A Morenci man charged with parental kidnapping waived his right to a hearing in district court and will now be arraigned in Lenawee County Circuit Court Jan. 5.
John Skelton, charged with three counts of parental kidnapping following the disappearance of his three sons last month, was previously arraigned in district court and was scheduled for a preliminary examination yesterday (Tuesday). The hearing was to determine if prosecutors had probable cause to charge him with the crime.
Skelton informed the judge Monday that he would waive the hearing and that moves the process to circuit court for arraignment.
If Skelton pleads not guilty, explained Morenci Chief of Police Larry Weeks, a trial date will be set. If he pleads guilty, a sentencing date will be declared.
Skelton is charged with keeping his children more than 24 hours—the time frame listed under the parental kidnapping law—with the intent of concealing them from their mother.
The three Skelton children—Andrew, Alexander and Tanner—have not been seen since they were at the Skelton home with their father Thanksgiving Day. Skelton claims he gave the children to someone from an organization, but he’s offered no additional information about his story.
LAWSUIT—The Adrian Daily Telegram reports that television station WDIV from Detroit has filed a lawsuit to force authorities to release search warrant documents relating to the Skelton house.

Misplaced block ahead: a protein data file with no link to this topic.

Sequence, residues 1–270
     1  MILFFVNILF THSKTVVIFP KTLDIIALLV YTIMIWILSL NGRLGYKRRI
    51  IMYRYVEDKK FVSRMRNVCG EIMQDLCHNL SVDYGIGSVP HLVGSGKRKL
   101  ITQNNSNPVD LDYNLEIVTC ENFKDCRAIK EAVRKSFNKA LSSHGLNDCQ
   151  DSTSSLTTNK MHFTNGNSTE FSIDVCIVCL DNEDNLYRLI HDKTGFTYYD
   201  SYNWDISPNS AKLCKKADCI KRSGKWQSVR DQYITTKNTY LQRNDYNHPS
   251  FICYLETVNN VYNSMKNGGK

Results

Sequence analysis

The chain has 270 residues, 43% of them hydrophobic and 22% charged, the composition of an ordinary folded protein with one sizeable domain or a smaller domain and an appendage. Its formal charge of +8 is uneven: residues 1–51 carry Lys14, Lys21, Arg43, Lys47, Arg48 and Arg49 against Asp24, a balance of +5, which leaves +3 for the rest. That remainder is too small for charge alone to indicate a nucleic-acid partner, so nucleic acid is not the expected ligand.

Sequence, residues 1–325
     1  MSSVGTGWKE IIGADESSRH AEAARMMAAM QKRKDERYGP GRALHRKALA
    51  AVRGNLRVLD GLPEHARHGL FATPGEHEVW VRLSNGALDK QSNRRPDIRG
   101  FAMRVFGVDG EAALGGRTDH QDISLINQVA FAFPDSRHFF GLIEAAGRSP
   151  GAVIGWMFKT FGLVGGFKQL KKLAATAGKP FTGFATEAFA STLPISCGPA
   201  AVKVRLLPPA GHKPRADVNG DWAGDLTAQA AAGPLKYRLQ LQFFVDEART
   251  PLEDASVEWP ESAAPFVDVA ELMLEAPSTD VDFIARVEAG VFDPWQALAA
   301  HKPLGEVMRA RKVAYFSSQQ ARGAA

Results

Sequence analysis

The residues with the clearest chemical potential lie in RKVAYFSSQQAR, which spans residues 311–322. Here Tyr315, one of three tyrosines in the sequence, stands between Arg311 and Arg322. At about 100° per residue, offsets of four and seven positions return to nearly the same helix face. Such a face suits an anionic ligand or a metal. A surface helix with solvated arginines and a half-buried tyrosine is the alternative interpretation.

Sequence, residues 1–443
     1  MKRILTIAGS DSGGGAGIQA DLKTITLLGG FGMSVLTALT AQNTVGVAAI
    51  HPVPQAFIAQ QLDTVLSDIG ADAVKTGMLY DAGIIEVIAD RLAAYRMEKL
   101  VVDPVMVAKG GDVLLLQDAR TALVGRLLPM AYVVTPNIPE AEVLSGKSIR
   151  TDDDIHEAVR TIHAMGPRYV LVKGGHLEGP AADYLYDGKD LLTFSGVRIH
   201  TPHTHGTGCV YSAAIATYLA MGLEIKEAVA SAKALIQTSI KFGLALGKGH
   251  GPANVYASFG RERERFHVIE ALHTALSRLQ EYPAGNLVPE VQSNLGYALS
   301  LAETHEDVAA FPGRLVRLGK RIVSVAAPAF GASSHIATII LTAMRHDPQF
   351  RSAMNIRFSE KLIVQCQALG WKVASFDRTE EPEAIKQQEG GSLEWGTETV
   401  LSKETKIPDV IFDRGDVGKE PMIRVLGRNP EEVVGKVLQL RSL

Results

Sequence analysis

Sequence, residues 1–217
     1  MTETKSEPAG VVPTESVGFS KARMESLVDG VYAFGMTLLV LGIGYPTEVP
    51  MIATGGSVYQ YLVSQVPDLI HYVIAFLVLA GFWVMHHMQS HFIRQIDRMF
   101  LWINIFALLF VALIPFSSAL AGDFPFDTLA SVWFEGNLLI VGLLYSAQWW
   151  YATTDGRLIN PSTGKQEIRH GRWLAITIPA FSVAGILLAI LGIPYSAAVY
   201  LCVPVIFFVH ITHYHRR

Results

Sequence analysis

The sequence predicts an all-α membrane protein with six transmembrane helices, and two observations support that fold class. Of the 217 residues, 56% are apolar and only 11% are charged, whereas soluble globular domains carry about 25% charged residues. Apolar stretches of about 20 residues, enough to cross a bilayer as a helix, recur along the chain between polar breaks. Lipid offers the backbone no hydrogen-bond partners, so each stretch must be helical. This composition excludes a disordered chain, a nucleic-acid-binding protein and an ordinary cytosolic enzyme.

A lawyer for the television station says a search warrant and tabulation sheets listing items seized in the search should be made public immediately “due to the newsworthy value of the information sought.”
Chief Weeks explained that search warrant documents are generally filed with the court and open to the public.
“However, in sensitive cases,” he said, “the officer requesting the search warrant can file a document with the issuing judge requesting the search warrant and the tabulations be suppressed from public view.”
The Telegram states that Lenawee County District Court Judge James Sheridan responded in a letter that the court is not in a position to verify whether or not a search warrant was issued. Affidavits for search warrants must be non-public for 56 days in order to protect criminal investigations, Sheridan wrote.
WDIV’s attorney claims that no suppression order was filed with the Michigan Supreme Court, as required.